Amazon Tests Drones, Shoebox-Sized Packages Await Results
Summer 2015 may be the season of self-driving cars from Tesla, trigger-based emails from marketing automation providers and package-delivering drones from Amazon. Two of those products already exist and as of Thursday, the Federal Aviation Administration announced its approval for Amazon to prepare the third for takeoff.
Under an "experimental airworthiness certificate," Amazon can have pilots fly its drones at 400 feet or below, during the day and during good weather. The pilot must always be able to see the drone. The FAA also has requirements for the operator.
"The pilot actually flying the aircraft must have at least a private pilot's certificate and current medical certification," writes the FAA.
On Monday, a spokeswoman for the U.S. Postal Service responding to a Target Marketing question says no, drone flying "is not part of our letter carrier training." She says USPS will not try to partner with Amazon on drone deliveries in any other way, either.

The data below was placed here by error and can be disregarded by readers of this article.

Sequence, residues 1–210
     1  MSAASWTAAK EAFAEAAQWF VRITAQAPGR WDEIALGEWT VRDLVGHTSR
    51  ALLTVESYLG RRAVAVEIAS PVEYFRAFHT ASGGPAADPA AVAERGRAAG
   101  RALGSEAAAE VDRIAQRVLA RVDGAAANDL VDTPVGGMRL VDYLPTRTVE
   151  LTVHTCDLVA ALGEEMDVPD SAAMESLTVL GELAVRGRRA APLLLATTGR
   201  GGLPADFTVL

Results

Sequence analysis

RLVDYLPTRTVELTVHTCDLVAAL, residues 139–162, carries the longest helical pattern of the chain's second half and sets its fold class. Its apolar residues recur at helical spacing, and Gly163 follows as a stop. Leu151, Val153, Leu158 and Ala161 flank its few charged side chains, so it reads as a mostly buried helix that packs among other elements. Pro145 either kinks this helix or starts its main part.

It's a fair question, as USPS already partners with Amazon on Sunday package delivery.
However, at least one skeptic of the drone deliveries believes humans will remain in control of the shoebox-sized package deliveries long after this FAA test is a memory.
In his post published Monday on Network World's BuzzBlog, Paul McNamara writes that Amazon's "win" will soon go away.
"If you have a package and an employee close enough to a delivery point that the employee can see it," McNamara asks, "why on earth would you have that employee be operating anything more complicated than a panel truck or have skills any more advanced than a driver's license? Perhaps you might if you are delivering something pricey to a coastal island or mountaintop, but not in any situation that would in any way be described as typical."
Actually, the company tested "Amazon Prime Air" in late 2013, before the FAA shut it down in June 2014. The FAA called delivering packages using drones illegal, but Amazon took that to mean hobbyists and model aircraft pilots.
On Monday afternoon, the Amazon Prime Air page is still active on the e-commerce marketer's site, where Amazon also promises 30-minute-or-less delivery via the unmanned drones that don't have visible pilots in the product video.
"Putting Prime Air into service will take some time, but we will deploy when we have the regulatory support needed to realize our vision," the page reads.
Do marketers plan to use Amazon Prime Air if it becomes a reality?
Please respond in the comments section below.